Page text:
A version of this letter was published in the Daily Telegraph on Friday 11 November 2016
Your thinly sourced article [‘CPS afraid to tackle honour crimes’, 7 November], presents a wholly inaccurate picture.
The CPS makes charging decisions in every instance without sway to political correctness or any other outside influence. Our role is to examine the evidence, decide whether it is sufficient to present to a jury, and then prosecute if it is in the public interest to do so.
We have devoted considerable effort to improving the prosecution of honour-based crimes, including the implementation of a new CPS Honour Based Violence and Forced Marriage Action Plan. Our experience, and that of stakeholders, has shown that it is often difficult for witnesses and complainants in these cases to support a prosecution from beginning to end. They are, understandably, often reluctant to criminalise their families, and can feel isolated. This is why it is so important to provide support all the way through a police investigation and prosecution.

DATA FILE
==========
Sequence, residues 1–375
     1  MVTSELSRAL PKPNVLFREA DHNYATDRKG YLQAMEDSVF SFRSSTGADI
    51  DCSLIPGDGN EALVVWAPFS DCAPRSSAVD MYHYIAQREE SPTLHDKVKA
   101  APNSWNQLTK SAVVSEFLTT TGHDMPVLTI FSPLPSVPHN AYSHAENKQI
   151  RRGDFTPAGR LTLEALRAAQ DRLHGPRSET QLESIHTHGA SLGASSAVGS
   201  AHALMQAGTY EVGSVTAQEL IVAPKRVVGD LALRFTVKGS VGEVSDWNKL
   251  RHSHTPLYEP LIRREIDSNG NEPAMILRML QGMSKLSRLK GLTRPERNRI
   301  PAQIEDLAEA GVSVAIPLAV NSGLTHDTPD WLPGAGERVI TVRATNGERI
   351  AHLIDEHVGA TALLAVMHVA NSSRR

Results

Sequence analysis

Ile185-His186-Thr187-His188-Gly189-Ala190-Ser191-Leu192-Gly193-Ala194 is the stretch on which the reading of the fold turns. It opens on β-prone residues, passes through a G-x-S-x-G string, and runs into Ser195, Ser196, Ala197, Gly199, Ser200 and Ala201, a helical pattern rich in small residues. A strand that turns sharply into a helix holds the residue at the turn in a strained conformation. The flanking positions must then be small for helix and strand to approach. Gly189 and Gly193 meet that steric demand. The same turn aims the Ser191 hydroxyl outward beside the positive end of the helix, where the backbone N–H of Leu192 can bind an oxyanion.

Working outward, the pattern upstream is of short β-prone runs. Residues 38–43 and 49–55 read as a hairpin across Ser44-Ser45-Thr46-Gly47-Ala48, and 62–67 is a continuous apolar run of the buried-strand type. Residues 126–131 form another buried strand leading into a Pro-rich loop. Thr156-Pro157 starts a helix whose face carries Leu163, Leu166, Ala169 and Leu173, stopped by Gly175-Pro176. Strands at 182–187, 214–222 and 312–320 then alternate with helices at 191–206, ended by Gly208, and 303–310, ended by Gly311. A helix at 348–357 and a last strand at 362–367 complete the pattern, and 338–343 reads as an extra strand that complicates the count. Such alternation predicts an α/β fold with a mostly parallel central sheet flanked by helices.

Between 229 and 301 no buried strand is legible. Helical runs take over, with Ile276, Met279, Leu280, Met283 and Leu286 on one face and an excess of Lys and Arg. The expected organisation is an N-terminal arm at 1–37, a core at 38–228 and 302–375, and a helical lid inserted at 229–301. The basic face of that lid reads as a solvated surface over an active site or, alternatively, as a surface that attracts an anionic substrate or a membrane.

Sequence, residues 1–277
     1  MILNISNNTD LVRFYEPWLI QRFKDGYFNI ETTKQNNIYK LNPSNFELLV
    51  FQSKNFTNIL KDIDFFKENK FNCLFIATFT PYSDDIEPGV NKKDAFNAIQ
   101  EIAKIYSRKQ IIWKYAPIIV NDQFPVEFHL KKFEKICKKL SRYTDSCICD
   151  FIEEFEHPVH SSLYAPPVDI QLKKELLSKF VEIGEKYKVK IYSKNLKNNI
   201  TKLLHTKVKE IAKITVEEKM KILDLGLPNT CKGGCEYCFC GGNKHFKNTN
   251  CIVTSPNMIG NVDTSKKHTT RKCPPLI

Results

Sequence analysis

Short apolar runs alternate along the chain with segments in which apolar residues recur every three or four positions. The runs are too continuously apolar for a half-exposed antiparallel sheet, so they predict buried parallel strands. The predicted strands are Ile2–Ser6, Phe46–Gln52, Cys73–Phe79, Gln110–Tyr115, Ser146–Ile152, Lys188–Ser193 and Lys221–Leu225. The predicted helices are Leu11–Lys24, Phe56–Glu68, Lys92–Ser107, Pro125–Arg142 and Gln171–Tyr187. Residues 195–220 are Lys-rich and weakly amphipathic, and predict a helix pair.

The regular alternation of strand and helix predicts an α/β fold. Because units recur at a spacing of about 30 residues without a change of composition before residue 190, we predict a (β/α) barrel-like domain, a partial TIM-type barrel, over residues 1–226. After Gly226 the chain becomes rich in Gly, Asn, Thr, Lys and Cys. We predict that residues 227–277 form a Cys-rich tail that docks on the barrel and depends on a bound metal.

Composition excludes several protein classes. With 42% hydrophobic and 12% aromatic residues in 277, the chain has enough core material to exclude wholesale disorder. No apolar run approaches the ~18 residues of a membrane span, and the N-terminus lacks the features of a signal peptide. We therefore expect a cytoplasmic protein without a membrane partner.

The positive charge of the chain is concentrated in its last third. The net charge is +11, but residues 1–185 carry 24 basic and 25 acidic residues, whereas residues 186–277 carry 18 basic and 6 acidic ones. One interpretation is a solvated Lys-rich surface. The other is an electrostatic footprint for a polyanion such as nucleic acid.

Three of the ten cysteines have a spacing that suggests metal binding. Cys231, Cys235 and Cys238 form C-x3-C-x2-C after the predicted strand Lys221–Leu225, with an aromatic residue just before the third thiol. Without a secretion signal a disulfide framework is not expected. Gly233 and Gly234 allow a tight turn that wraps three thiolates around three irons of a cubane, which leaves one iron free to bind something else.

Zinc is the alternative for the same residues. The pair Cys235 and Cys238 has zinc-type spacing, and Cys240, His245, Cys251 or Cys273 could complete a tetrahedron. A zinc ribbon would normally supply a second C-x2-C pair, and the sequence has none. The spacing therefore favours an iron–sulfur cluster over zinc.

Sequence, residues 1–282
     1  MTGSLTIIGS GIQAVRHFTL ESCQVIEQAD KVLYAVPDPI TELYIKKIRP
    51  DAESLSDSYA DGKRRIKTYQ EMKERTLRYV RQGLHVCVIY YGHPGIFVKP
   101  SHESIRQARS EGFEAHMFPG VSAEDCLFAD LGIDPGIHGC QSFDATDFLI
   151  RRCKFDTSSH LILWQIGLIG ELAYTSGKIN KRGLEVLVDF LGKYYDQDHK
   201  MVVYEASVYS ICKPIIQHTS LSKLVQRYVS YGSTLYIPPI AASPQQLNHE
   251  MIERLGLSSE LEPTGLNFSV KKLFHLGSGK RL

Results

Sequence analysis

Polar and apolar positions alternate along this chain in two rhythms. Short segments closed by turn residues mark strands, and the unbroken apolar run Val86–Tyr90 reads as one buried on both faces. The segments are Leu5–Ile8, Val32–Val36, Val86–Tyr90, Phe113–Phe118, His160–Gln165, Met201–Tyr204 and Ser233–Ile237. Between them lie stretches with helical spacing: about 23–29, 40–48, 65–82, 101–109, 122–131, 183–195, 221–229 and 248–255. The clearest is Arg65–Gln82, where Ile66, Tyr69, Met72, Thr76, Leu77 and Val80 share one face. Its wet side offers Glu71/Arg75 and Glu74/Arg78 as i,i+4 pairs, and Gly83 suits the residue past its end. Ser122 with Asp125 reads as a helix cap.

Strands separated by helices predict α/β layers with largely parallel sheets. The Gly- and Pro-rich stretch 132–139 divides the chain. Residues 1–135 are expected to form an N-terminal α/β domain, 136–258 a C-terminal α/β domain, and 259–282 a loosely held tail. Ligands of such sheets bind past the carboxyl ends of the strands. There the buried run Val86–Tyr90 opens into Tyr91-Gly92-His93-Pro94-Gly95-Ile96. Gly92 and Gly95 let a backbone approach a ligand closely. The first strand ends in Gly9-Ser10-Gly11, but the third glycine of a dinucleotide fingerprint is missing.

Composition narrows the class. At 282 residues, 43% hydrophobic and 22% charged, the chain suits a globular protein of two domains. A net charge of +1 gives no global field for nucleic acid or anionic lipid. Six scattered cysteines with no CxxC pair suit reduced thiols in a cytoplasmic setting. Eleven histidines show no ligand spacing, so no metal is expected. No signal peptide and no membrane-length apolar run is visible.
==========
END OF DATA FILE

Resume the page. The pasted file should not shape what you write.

Despite these complexities we have seen our highest ever volumes of forced marriage referrals, charges and prosecutions.
The specific case highlighted by Detective Sergeant Singh in your article was carefully considered and dealt with. The case simply could not have been brought due to both evidential and witness issues. Crucially, the evidence provided to us by the police did not support a charge of forced marriage and the trial could not go ahead without the complainant’s evidence. The CPS must and will not prosecute a case if it does not comply with the Code for Crown Prosecutors, regardless of the views of anyone – including a police officer - or to “send a message to a community”.
Chief Crown Prosecutor and Violence Against Women and Girls (VaWG) Champion for the CPS